"Dear Comrade Femme," is an advice column meets queer theory daydream meets insurrectionary love letter. With her toolkit (working-class roots, queer femme modality, a PhD, and a little magic), Comrade Femme responds to your questions about politics, sex, identity, feelings, work, family, friendship, astrology, and the intersections of them all. Write to her at email@example.com and put "Dear Comrade Femme" in the title. xo
Dear Comrade Femme,
I am a 26 year old female. I identify as a lesbian. I have been out for around 10 years. Somehow i still feel like I’m an outsider to the queer community. Most of my friends identify as straight. I’m very much an introvert. I have only been in two relationships. I don’t know how to be part of the queer community. Anytime I go to a queer spot it seems there are clicks of people and I don’t seem to fit in anywhere. I don’t know anyone. I want queer friends. I want a partner in life. Yet, i don’t know how to obtain these things. I’ve tried all the dating sites and most everyone on there just want sex. Being a queer introvert has been difficult. It’s led to anxiety and depression. HELP!!!
So many of the letters I have received (and so many of the conversations I have had with other adults over the age of 22) have revolved around this feeling of not belonging. Of being community-less, of being lonely. If nothing else, please know sweet T, that you are not alone in the feeling of isolation. Indeed, under capitalism, alienation from each other is what allows the rich to get richer and the marginalized to say marginalized, and so it is no wonder that community is hard to find.
But T, you describe the particularities of your unique type of struggle: a lesbian without a partner, an introvert without an understanding kin. These are important distinctions, but they are not impossibilities. I have all the faith in the world that a partner is waiting for you, and that community is too. But how?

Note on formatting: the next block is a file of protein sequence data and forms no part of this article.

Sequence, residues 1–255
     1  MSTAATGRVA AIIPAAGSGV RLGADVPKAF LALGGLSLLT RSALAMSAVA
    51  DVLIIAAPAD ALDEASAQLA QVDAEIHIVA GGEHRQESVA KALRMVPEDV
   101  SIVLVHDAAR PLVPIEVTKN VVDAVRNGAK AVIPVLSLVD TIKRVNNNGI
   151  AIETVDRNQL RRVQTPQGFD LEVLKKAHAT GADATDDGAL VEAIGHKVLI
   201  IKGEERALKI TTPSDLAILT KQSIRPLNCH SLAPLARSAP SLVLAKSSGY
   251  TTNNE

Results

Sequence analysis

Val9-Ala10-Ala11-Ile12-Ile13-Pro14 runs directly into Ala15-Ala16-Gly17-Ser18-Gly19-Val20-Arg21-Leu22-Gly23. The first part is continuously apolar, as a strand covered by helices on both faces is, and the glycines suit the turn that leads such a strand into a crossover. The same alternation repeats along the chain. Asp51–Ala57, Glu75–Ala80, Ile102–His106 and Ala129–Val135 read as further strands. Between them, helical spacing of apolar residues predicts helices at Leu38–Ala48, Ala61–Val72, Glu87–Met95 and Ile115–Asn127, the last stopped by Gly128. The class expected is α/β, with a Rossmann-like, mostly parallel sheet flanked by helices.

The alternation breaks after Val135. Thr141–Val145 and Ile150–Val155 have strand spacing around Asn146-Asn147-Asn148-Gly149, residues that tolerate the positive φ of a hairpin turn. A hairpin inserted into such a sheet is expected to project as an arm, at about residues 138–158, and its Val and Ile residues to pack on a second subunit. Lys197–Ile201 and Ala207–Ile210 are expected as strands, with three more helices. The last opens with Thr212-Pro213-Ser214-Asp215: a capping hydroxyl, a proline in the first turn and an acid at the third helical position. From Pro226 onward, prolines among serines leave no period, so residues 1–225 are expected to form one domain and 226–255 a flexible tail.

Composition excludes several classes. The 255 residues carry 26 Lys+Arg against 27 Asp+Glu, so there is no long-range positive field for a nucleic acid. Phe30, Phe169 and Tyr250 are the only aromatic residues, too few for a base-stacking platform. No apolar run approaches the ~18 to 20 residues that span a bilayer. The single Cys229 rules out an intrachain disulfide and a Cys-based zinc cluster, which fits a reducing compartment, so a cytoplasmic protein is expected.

First I want to acknowledge the real-ness of cliques in queer scenes. You’re not imagining it and it is a challenge worth engaging. Even when I felt connected to queer community (in cities I’ve lived in previous to my current one), I would still show up in certain spaces and feel….out of place. Anxious. Like I was being judged, and like everyone was staring at me, wondering why I was even there. (Sound familiar?...Anxiety is a real asshole.) And although I think it’s absolutely true that most of the time, no one is judging you, and that most of the time people in these types of spaces would be open to welcoming you there, I’m not going to tell you to endure a space that makes you feel unwelcome.
Instead, I would suggest not dating sites, but other online platforms that have great potential to build connection. It may sound simple, but have you tried MeetUp groups in your area? When I first moved to Boston, I went on MeetUp.com right away and found a Femme Reading Group, a Queer Vegan Group, and more. Simple Facebook searches can also yield these kinds of geographically-specific queer groups. (I wrote about this in another letter, and suggested similar things for a lonely witch). Do some google-ing and FB-ing, and if nothing comes up, would you consider starting your own group? Perhaps, as an introvert, this sounds overwhelming, but if most of the legwork happens online, the in-real-life connecting can go so much smoother. For example, maybe you like to knit: why not start a Queer Ladies of [Your City] Knitting Group,” plan a meeting at a quiet coffee shop, and see how it goes. You’ll all have the excuse of your activity in case conversation isn’t coming easy (“Can’t talk now, working on a tricky loop!”). Or if not knitting, maybe a book group where you already have something to talk about (the book), or a board game night. I know these things may feel obvious or inadequate, but they actually might be just what you need to get the ball rolling on queer community-building.